Among children and adolescents, the drive to be slender and the fear of being fat is a growing public health concern. This trend stands in contrast to the increasing prevalence of overweight reported worldwide. Both feeling too fat and being overweight are associated with physical, psychological and social health-related issues from a shortand long-term perspective. The aim of this thesis is to study body perception in relation to actual body size and the bodily changes that occur naturally during puberty. Another objective is to identify risk factors for overweight, overweight perception and unhealthy eating habits in childhood and adolescence.

This thesis describes the prevalence of 1) perception of overweight, 2) overweight/obesity and 3) unhealthy eating habits in Finland and Sweden. We compare our results with the World Health Organization (WHO) Health Behaviour in Schoolchildren (HBSC) survey in 2001/2002 and 2009/2010. Our cross-sectional studies were performed on a female cohort of 11-18 year old girls in Finland and a cohort of boys and girls 7-17 years in Sweden.

In both Finland and Sweden, the prevalence of overweight increased over time, especially among boys. Also perception of overweight increased over time – not just among girls, but also among boys. We found social inequality in overweight, particularly in boys in relation to maternal socioeconomic status. No social inequality, but age and gender differences were found in relation to perception of overweight, where girls older than 13 years showed the highest prevalence. Body perception among girls agreed better with international reference values for waist circumference (WC) than for body mass index (BMI). Breast development and acne increased the risk for overweight perception, particularly among non-overweight girls. Perception of overweight was the strongest risk factor for dieting and skipping breakfast in both boys and girls. These behaviours were more common among adolescents than among younger boys and girls. Skipping breakfast was related to unbalanced food consumption patterns in both sexes, but in a gender-specific way.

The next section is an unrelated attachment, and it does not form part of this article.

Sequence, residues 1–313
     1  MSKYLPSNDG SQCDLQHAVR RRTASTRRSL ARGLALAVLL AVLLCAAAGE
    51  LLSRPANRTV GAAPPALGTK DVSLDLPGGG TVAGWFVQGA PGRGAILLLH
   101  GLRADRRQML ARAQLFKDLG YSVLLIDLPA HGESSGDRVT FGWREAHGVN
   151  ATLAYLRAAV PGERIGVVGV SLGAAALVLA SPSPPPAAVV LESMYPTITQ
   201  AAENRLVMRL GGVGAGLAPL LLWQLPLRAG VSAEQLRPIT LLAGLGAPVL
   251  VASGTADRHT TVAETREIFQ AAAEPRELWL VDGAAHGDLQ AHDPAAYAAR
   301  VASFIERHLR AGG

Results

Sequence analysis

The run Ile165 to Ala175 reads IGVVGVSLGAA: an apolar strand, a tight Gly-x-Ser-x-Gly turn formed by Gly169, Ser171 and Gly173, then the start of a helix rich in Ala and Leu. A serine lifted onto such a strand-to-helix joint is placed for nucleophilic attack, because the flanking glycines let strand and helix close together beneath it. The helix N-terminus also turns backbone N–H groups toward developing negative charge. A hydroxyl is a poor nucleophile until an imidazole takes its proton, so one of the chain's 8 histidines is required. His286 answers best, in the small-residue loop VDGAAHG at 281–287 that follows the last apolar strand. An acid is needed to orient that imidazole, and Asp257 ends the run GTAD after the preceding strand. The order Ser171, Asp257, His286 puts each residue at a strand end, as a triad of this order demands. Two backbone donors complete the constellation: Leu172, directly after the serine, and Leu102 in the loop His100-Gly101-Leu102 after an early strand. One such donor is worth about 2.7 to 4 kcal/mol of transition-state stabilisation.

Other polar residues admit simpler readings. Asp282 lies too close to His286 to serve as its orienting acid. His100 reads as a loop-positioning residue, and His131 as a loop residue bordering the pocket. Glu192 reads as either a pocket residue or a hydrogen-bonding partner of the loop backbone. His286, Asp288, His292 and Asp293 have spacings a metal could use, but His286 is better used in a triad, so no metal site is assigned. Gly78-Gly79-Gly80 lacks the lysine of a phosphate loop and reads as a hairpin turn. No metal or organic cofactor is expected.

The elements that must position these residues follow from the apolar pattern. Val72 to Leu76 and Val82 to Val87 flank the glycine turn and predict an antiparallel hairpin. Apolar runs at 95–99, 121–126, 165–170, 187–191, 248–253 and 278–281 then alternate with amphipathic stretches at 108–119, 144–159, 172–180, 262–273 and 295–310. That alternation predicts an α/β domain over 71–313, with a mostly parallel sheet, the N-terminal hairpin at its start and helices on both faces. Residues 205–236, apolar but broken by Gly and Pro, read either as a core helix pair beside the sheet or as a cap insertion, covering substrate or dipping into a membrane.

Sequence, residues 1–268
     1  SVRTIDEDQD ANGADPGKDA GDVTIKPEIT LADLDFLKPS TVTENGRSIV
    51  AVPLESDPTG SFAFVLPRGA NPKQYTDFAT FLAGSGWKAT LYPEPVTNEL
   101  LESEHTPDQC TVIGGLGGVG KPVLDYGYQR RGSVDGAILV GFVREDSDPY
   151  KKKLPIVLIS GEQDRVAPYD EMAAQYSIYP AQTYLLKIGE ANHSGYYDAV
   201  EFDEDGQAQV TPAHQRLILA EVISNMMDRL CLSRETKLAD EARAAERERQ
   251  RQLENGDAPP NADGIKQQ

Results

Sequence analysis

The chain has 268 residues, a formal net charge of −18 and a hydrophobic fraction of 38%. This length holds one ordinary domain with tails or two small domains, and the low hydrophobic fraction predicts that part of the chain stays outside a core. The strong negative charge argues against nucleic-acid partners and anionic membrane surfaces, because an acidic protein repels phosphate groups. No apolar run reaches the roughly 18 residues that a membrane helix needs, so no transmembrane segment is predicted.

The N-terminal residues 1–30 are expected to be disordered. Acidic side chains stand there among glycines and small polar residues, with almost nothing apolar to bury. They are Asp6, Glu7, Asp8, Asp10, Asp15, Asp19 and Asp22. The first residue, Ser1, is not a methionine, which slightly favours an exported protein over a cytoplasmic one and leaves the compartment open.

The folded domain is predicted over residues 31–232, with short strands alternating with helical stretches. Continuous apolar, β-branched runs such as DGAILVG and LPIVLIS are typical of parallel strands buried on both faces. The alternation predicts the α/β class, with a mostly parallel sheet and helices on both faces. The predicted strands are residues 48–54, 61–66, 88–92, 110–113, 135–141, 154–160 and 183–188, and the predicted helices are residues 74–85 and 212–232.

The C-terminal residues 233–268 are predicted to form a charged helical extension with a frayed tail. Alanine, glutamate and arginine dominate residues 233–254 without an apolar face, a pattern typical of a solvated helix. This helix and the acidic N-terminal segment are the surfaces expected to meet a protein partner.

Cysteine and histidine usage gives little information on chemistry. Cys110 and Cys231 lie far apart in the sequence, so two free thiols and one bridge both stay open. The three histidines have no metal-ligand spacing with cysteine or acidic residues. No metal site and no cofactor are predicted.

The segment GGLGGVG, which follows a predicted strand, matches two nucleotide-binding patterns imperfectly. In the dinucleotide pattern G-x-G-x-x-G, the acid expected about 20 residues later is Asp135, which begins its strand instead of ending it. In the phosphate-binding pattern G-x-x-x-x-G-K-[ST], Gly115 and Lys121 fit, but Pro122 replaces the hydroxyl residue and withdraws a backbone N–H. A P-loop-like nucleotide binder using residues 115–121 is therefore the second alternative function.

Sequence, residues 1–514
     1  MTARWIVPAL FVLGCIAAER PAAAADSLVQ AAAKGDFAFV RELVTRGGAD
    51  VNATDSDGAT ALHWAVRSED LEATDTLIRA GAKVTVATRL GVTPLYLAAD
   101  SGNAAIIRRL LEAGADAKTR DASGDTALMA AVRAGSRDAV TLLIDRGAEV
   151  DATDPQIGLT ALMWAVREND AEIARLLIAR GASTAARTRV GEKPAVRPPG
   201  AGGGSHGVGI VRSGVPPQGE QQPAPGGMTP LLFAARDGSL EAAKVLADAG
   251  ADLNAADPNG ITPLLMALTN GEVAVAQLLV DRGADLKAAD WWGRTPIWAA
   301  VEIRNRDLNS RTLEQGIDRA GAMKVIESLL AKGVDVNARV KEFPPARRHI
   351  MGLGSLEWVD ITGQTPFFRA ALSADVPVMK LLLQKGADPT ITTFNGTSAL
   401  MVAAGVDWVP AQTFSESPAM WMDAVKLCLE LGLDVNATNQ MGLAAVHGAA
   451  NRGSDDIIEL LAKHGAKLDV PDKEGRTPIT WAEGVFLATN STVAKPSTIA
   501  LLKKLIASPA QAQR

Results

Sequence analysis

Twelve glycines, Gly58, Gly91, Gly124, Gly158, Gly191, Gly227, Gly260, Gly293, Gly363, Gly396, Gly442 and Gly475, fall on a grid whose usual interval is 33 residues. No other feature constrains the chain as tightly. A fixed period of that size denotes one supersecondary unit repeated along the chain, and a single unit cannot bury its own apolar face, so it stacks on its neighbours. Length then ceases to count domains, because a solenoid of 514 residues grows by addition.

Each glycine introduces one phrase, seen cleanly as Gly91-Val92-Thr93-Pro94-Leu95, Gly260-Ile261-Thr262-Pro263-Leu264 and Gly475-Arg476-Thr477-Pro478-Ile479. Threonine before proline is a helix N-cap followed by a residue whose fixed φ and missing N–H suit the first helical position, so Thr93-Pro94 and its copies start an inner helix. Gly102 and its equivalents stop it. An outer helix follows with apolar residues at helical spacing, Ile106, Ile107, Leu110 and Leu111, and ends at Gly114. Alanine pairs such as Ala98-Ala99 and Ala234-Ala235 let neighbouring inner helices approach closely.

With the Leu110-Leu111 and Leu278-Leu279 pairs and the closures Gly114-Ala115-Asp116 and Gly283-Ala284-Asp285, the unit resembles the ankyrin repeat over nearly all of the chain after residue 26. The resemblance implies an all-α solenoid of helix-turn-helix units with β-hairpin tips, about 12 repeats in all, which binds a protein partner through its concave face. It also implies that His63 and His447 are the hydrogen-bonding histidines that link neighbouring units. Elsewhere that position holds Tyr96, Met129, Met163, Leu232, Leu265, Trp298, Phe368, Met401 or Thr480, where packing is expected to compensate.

We have shown that body perception during growth and development relates to a complex age- and gender-specific balance between body size, stage and timing of pubertal maturation, eating habits as well as parental and peer influences. From a broader perspective, improving adequate body perception entails optimising this balance by influencing one or more of the individual, societal and environmental factors that determine health outcomes among children and adolescents, tracking into adulthood.

Place, publisher, year, edition, pages
Linköping: Linköping University Electronic Press, 2015. 73 p.
Series
Linköping University Medical Dissertations, ISSN 0345-0082 ; 1482
National Category
Pediatrics Nutrition and Dietetics Public Health, Global Health, Social Medicine and Epidemiology Clinical Medicine
Identifiers
urn:nbn:se:liu:diva-123861 (URN)10.3384/diss.diva-123861 (DOI)978-91-7685-947-6 (ISBN)
Public defence
2015-12-10, Berzeliussalen, Campus US, Linköping, 13:00 (English)
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Supervisors
Available from: 2016-01-12 Created: 2016-01-12 Last updated: 2016-01-13Bibliographically approved

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Allansson, ElinNelson, Nina